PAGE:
- San Diego Zoo and Safari Park
Plants: Species Collection: Acacias
Since ancient times, acacias have been an important part of human history, not just for their shade, waterproof wood, gum arabic, and pleasant scent, but also, in the Middle East at least, for their reputed oracular and magical powers. Ishtar, the Mesopotamian goddess of love and war, used acacias for her oracles. Jehovah, the Hebrew god, had his sacred Ark of the Covenant built from acacia wood. And acacias played a significant role in the resurrection of Osiris, the Egyptian god of the underworld.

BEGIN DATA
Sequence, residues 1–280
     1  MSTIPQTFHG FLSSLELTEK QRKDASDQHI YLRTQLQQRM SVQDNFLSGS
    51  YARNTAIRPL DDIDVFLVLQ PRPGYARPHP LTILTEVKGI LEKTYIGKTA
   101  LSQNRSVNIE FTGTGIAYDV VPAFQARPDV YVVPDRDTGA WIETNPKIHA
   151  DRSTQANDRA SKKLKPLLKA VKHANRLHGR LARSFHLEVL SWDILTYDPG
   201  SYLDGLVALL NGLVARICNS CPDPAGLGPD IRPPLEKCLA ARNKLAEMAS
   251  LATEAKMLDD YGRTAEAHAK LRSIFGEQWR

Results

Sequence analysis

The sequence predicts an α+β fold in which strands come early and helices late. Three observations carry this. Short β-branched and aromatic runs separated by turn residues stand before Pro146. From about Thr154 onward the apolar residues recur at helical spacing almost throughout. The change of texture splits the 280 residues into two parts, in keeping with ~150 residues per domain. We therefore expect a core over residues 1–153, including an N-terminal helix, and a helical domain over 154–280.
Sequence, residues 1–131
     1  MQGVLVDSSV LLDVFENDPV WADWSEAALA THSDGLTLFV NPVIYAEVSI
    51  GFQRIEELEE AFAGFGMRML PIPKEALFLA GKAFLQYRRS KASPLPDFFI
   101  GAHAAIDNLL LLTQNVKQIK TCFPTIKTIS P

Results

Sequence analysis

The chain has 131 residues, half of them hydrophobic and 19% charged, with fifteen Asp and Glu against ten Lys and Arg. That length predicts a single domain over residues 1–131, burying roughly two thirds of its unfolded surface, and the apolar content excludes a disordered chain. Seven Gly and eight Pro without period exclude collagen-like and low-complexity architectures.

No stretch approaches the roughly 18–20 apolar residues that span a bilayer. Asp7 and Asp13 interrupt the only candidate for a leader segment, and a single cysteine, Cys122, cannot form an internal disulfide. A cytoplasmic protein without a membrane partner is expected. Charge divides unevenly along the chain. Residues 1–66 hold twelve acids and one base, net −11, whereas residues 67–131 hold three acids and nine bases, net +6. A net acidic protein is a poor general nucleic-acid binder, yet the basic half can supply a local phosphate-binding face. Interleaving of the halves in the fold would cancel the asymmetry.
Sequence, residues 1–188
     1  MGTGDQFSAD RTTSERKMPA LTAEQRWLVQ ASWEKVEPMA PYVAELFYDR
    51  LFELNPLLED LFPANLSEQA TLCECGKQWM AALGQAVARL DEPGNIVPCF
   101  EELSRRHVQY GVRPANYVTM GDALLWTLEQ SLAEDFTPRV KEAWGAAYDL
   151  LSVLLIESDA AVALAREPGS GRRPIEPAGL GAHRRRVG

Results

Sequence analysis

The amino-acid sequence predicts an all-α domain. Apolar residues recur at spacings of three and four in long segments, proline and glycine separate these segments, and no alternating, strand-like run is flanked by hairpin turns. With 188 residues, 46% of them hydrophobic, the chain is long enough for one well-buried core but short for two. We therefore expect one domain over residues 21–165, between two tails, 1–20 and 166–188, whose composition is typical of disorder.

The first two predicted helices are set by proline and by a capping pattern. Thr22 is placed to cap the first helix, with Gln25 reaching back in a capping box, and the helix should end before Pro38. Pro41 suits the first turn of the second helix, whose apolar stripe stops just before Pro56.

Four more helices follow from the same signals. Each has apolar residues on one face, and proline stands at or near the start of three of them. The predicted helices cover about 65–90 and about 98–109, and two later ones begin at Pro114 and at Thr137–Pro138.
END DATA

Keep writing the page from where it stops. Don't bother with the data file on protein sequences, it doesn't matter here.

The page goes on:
About 800 species of Acacia shrubs and trees inhabit the Earth's warmer climes, especially temperate parts of Australia, where the trees are called wattles. Because of their usefulness, both ornamental and industrial, acacias are cultivated in many areas where they are not native.
The San Diego Zoo and the Safari Park have long cultivated acacias for their beauty, their shade, and because they are popular browse for many of our hoofed animals. We grow 38 taxa of acacia,s and they are one of our accredited plant collections. You can see a variety of acacias throughout Elephant Odyssey at the Zoo, and Nairobi Village and African Outpost at the Park.